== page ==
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Take down the traffickers.

May 8, 2015

The Prayut government should be commended for taking swift action against human trafficking rings following the shocking discovery of Rohingya death camps in the dense jungles of Padang Besar by the Thai-Malaysian border.

On Wednesday, the government transferred a high-ranking army officer and 38 policemen in Satun, Ranong and Songkhla where Rohingya detention camps and graves are located. That these officers were in charge of immigration, marine surveillance and law enforcement in the areas confirms long-held public suspicions of government officials' collusion with trafficking networks.

The Prayut government knows full well the world is watching. The death camp headlines have grabbed attention worldwide. Lack of action will destroy the country's chance of being removed from the US human trafficking blacklist.

The prompt transfer orders aim to show that the government will not tolerate corrupt officials. The move is helpful in facilitating investigation, but it is not enough.

The government needs to get results. Corrupt officials should not only be transferred but punished. The leaders of trafficking rings need to be nabbed, not allowed to go scot-free as before. Every party involved in the Rohingya slave trade — from the brokers who cash in on the Rohingya's wish to flee oppression at home, and the Thai boats that provide transport, to government officials and local leaders who facilitate the traffickers — must be sent to court.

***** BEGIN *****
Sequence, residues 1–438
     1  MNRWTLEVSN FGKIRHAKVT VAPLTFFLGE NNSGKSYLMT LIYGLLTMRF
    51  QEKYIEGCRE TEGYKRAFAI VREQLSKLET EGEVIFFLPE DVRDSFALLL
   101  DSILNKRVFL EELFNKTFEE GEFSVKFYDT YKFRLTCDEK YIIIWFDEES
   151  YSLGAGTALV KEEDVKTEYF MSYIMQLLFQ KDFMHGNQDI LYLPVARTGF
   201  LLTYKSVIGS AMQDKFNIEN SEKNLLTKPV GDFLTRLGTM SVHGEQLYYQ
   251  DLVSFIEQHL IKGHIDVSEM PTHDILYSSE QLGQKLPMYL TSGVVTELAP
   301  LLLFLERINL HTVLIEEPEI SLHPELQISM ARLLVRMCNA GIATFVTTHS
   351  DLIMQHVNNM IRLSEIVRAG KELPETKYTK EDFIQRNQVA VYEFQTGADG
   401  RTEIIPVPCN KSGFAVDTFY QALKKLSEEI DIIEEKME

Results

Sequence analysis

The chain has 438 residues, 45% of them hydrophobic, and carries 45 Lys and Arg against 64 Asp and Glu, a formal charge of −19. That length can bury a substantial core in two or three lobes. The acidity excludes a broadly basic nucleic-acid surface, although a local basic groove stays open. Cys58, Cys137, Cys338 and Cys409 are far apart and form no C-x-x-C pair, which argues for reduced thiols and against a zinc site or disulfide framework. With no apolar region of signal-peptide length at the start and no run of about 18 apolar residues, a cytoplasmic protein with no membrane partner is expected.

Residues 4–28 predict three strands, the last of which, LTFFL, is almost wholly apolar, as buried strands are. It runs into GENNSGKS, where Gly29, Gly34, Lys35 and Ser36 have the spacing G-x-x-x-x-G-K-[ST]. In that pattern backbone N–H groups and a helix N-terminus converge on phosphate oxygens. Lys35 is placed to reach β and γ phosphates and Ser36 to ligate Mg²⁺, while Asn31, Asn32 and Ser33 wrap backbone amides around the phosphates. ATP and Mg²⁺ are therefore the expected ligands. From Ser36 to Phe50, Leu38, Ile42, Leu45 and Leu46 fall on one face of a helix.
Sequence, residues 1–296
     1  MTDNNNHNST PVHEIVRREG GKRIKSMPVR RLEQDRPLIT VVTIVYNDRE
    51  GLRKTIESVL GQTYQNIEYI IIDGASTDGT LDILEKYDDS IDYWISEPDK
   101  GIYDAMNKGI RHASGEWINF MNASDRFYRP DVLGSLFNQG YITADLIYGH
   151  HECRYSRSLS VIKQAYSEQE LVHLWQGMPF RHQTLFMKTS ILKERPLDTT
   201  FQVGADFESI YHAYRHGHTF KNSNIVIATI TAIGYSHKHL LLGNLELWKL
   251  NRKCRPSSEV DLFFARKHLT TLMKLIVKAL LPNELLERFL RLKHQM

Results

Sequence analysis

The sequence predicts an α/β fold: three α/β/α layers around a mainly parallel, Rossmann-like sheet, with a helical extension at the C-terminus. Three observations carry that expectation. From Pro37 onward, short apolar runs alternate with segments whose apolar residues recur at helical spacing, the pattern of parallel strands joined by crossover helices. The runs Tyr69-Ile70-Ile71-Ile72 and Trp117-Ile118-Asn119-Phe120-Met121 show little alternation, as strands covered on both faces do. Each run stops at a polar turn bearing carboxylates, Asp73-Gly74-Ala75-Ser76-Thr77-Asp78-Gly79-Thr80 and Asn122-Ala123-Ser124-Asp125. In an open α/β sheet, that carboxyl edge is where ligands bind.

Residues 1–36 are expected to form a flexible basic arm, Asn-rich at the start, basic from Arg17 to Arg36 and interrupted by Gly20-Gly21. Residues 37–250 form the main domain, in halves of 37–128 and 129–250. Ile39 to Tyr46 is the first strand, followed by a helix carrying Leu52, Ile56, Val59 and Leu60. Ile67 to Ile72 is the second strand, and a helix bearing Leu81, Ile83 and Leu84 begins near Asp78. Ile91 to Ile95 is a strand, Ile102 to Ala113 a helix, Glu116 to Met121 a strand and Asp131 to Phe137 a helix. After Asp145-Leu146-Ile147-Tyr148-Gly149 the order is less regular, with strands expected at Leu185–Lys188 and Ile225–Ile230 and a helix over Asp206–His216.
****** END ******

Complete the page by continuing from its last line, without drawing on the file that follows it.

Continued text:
To make this happen, the survivors of Rohingya death camps must receive full protection as witnesses and be provided with sufficient support to testify and identify the perpetrators. If past records are anything to go by, the current big bang to end the Rohingya slave trade may soon turn out to be a whimper.

Two years ago, the police raided detention camps in Padang Besar and found hundreds of emaciated Rohingya there. Instead of getting help as victims of human trafficking, they were treated as illegal immigrants and promptly deported, allowing the criminals to escape charges and arrest.

Since deportation was at that time under fire as a way for corrupt officials to sell the victims back to trafficking rings at border exit points, the male Rohingya were sent to immigration prisons while the women were sent to state shelters. There was no proper investigation, no system to collect data or screen the victims and no efforts to send them home safely.

Living in the limbo of confinement, the Rohingya broke out of the prisons, often with inside help, and were pushed into the open arms of traffickers in the hope of returning home. Most of the time, they were sold back to the slave trade again.

It is not surprising that after this big raid in Padang Besar, no traffickers were arrested.

The government must not repeat past mistakes. About 60 Rohingya have survived the death camps. They are the key witnesses to catch the traffickers and must receive proper help and protection. This time, data collection must be thorough, without infiltration by traffickers' spies.

Human trafficking is a transborder organised crime. It demands transborder cooperation. As long as ethnic oppression and sectarian violence in Myanmar continue, so will the exodus of Rohingya. Thailand and Asean must make sure Myanmar realises its responsibility to accord the Rohingya their rights and dignity.

Meanwhile, Thailand must make sure Rohingya communities in Myanmar and Bangladesh are aware of the deadly dangers ahead if they end up at traffickers' mercy. Most importantly, Thailand must smash trafficking rings and punish corrupt officials. The world is waiting for the Prayut government to do it.

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Rohingya Exodus